The lucrative marina market has prompted some waterfront homeowners in unincorporated Palm Beach Gardens to lease their boat slips for as much as $800 a month.

The problem: It is a violation of the county’s zoning code, which prohibits anyone from operating a business in a residential zone.

The county’s Code Enforcement Division has cited eight homeowners for operating illegal marinas; seven for building and or extending docks without permits. The homeowners face fines of $250 a day if they continue to rent their slips or fail to obtain the necessary permits. A magistrate will hear the cases in November.

Some homeowners have built as many as five boat slips. Others advertise their slips on websites.

A number of marinas on valuable waterfront property have sold to developers, creating a shortage of rental boat slips. Renting of private docks often goes unnoticed and, as long as there are no complaints, the waterfront homeowners get away with it.

But the county received numerous complaints about private boat slip rentals on Harbor Lane and Paradise Point Road, according to Robert Santos-Alborna, the county’s director of code enforcement. Some of the boat slips are home to boats as long as 55 feet.

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Complaints include:

  • Too much boat traffic on the waterways, making it difficult for boaters to navigate in and out of their docks.
  • Increased traffic congestion along Paradise Point Road, a road that is not wide enough to comfortably handle traffic in both directions.
  • Thefts.

“Once this was brought to our attention, we had to react,” Santos-Alborna said. “This activity impacts on the quality of life in the region.”

Mark Ercolin, a Fort Lauderdale-based maritime lawyer, said waterfront homeowners have asked him about leasing their boat slips.

“What happens if there is an accident?” he asked. “There’s a liability problem here. Insurance won’t cover the accident because it is illegal to lease the boat slips in the first place. We have owners of million-dollar-plus homes putting all that at risk.”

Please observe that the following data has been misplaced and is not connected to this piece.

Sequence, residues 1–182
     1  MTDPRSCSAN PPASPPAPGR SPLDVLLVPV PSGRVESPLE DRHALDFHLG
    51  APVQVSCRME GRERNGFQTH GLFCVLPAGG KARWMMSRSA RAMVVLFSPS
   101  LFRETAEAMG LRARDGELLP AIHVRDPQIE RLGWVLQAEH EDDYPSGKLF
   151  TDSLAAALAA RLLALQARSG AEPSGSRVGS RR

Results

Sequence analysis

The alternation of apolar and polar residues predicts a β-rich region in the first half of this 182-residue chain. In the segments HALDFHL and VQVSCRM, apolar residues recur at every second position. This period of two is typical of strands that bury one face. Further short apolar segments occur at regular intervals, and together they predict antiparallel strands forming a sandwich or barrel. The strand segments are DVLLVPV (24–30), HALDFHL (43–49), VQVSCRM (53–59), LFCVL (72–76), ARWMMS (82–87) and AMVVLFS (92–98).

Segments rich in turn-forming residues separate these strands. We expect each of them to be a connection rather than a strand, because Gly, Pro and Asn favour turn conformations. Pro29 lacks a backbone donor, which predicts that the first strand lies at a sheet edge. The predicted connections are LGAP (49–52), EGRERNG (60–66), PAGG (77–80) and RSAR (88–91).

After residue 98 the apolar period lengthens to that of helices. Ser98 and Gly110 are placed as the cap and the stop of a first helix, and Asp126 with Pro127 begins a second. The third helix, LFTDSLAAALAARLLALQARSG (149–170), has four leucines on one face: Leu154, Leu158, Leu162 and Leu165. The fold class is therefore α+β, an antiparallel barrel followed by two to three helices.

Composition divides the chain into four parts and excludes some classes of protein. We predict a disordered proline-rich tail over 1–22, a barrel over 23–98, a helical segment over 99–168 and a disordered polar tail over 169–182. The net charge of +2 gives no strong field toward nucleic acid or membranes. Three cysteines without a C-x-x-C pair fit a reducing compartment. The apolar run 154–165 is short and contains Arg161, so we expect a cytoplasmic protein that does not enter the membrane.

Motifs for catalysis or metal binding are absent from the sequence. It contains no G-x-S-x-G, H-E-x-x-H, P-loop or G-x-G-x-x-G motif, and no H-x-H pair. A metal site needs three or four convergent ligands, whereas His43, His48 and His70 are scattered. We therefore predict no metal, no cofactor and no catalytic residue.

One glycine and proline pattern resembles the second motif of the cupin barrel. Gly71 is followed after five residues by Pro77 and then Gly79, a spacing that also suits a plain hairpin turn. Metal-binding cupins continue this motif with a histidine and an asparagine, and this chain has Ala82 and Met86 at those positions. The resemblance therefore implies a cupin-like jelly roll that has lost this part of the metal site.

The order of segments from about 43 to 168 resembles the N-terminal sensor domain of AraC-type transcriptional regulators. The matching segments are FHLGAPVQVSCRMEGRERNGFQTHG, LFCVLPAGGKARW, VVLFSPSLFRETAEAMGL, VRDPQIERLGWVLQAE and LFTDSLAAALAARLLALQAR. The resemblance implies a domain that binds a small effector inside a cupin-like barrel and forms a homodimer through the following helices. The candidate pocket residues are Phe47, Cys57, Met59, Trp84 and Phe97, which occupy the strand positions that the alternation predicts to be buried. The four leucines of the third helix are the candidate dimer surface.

Another issue is that the contract is unenforceable, he noted. If the boat owner doesn’t pay or damages the docks, there’s no legal recourse, Ercolin noted. He said he is actually in favor of allowing private rentals of boat slips. But as long as zoning code does not permit it, it should not happen, he said.

Ray Graziotto is president and owner of Seven Kings Holdings, a company that operates a number of marinas in South Florida, including the Loggerhead in Palm Beach Gardens.

Graziotto noted that marinas are heavily regulated and are required to contain oil spills with booms. He questioned whether private dock owners leasing out their spots have such safeguards. Any increased risk to the environment is not a good thing, he said.

The homeowners cited for operating illegal marinas are all assessed as private residences. They do not pay any extra property taxes, even though they are allegedly receiving money from their boat-slip leases.

Graziotto said marinas such as his have seen property taxes skyrocket in recent years. It is one of the reasons why marinas have shut down and sold to developers.

© 2019 The Palm Beach Post (West Palm Beach, Fla.), Mike Diamond. Distributed by Tribune Content Agency, LLC.